Alternatively, Tay may simply have misinterpreted the report, which is also likely given that he has even got the concept of coffee house completely wrong.
The title of Tay's original Chinese column on this particular issue - published on July 18, 2011 - is ‘Hui Dao Ka Fei Dian', which is ‘Back to the kopitiam' if translated literally.
Again, the English translation by Mysinchew, ‘Back to the coffee house', is plain misleading,
Here, I quote my previous article ‘The Chinese press and the kopitiam'.
"The coffee house in England of the 17th and 18th centuries was in fact a place where men (yes, hardly women in those days) of ideas met for discussion and exploration of thoughts over a variety of topics. The Whigs and Tories each had their own usual haunts, much like the public houses with different football affiliations in nowadays England, save the rowdiness and occasional violence.
"The coffee house was even known as a 'penny university' precisely because for the price of a penny for a cup of coffee, one would come out of the premises a more enlightened person.
"However, reading Tay's piece gives one an erroneous impression that the erstwhile English coffee house was no different from the typical kopitiam in Malaysia, where ordinary folks gather and gossip over a cup of kopi, relishing in rumours and hearsay that are hard to verify."
The profound and rational debating culture in the coffee house in the 18th century England awakened the patrons to their identity not only as the king's subjects but, more importantly, also as citizens. And this is confirmed in a review in the Independent:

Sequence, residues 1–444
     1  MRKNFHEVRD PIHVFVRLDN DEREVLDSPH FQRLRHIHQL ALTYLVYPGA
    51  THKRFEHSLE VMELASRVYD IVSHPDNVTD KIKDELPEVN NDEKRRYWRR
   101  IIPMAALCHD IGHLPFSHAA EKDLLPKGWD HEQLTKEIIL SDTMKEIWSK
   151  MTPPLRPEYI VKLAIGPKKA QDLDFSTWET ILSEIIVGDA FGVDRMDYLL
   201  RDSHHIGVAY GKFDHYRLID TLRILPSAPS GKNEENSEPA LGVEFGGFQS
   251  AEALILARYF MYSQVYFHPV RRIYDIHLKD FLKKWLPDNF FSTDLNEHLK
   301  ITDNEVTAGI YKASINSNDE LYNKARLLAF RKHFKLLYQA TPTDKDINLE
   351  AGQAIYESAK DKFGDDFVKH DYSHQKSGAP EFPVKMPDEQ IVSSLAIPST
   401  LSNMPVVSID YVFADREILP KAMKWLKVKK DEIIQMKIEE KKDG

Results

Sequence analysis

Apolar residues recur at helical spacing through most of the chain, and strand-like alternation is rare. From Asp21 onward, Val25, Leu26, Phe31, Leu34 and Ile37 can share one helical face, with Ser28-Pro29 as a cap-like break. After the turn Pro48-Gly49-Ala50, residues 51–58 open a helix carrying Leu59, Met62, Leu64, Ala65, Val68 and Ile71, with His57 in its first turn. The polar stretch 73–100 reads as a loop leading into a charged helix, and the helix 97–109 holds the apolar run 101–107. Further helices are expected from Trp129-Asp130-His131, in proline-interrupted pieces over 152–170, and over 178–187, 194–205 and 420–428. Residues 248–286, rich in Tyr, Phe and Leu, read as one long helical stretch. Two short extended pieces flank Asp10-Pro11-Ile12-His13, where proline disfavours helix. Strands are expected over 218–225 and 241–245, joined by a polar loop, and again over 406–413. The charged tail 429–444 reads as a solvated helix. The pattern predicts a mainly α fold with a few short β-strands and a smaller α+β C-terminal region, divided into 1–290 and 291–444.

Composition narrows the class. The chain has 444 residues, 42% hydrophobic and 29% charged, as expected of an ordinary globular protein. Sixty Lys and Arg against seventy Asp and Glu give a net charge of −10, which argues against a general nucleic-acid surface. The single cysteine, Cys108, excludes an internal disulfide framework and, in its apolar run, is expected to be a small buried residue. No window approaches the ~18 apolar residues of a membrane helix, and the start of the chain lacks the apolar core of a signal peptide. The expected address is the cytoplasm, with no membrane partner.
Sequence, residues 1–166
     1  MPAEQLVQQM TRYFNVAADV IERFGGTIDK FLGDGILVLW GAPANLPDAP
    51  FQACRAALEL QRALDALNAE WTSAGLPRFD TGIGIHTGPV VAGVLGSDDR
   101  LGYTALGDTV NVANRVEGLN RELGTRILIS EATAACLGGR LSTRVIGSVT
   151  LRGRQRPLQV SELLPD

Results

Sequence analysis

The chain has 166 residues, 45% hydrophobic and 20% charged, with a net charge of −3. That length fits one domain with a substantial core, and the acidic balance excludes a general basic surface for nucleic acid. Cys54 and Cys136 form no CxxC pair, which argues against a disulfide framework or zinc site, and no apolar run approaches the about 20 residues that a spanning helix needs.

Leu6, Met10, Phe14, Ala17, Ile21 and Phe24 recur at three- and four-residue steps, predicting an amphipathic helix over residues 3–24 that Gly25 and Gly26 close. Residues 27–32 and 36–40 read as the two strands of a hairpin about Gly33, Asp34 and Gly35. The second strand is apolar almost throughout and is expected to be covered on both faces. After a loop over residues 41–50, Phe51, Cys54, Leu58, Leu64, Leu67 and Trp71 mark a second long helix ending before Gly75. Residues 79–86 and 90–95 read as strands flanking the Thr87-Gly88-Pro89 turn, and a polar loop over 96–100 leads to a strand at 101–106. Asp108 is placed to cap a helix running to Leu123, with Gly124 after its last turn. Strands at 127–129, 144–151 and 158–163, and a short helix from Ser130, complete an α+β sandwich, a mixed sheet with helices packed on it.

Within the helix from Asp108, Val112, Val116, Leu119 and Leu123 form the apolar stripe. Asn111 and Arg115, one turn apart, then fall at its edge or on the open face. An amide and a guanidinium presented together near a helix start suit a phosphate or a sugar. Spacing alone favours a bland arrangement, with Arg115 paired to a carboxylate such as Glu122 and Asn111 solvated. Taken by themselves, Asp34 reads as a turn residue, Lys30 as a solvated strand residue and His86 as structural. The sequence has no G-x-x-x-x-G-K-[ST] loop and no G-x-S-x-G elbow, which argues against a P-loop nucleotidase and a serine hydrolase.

"These coffee houses had become the spine of British democracy, the place where men met as equals and where their opinions carried equal weight - equal even to the king. These institutions had both created and ensured the rights of the people, rights to ‘an unofficial knowledge of affairs of state'".
Simply put, the coffee house - chaotic it might be - was informative, intellectual, edifying and enriching, a far cry from what one would associate with the nowadays kopitiam.
I do enjoy a cup of kopi-o and a slice of roti bakar, and generally appreciate the boisterous and egalitarian atmosphere of the kopitiam, but to compare it to the coffee house of 18th century England would be a ‘compliment' too far.
So, when Tay mistakes the enlightening coffee house for the jabbering kopitiam, what does it tell us about his reading ability or language proficiency?
But this is not the only error. Another fatal mistake of Tay is his misunderstanding of the front-page cartoon.
Those people and items in the cartoon are in fact anything but ordinary: the notices about Pitt the Younger and Marie Antoinette on the wall, the latest leak of Josephine Bonaparte's emails, the mention of Thomas Paine by a patron, and a copy of the Tea Party Gazette on the floor. One man is apparently asking: ‘How goeth ye American Spring?'
Taken together, it gives a student of modern history a clear clue to the background - somewhere around the 1780s, when the French Revolution was in full swing while American Independence was at hand.
The cartoon therefore portrays a scenario of how these historically influential figures would have made use of modern gadgets such as Tumbler, YouTube and Twitter to spread news and information and to advance their various causes.
As I wrote before, the coffee house was a common phenomenon in that period of English history, and the men in the cartoon were therefore the rightful subjects of King George III, not Queen Victoria as Tay has wrongly assumed.
If anything, the Victorian age did not begin until some five decades later!